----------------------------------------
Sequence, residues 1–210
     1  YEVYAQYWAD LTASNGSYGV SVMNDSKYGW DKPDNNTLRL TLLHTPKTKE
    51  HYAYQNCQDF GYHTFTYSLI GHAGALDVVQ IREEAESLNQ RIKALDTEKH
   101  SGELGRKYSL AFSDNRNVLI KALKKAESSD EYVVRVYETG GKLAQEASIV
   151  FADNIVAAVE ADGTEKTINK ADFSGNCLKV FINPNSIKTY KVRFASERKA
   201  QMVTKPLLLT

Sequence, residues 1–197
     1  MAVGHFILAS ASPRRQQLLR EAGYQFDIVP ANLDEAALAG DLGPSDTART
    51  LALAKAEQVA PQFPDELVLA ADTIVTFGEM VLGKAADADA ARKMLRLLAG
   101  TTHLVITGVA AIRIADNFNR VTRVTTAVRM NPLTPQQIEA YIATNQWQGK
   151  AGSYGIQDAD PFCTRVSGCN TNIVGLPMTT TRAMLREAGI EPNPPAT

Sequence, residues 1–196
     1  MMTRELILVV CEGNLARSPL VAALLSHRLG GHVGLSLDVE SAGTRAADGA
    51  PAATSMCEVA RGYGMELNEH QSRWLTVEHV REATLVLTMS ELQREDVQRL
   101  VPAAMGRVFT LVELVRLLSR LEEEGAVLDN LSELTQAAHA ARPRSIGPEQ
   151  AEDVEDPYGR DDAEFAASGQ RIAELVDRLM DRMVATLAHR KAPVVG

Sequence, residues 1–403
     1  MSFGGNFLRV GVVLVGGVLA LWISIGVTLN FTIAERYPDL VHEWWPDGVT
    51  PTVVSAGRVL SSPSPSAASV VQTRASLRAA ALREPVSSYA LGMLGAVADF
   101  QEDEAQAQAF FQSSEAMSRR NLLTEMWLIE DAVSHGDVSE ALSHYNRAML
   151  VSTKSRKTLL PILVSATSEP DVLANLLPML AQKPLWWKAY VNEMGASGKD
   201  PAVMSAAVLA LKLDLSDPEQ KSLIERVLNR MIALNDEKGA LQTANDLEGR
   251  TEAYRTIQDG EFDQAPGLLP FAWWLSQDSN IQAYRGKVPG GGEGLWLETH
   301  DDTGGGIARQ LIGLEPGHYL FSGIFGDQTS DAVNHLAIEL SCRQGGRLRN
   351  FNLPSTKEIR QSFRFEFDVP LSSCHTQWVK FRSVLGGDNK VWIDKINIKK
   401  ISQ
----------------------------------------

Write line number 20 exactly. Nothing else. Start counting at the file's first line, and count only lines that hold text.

   101  QEDEAQAQAF FQSSEAMSRR NLLTEMWLIE DAVSHGDVSE ALSHYNRAML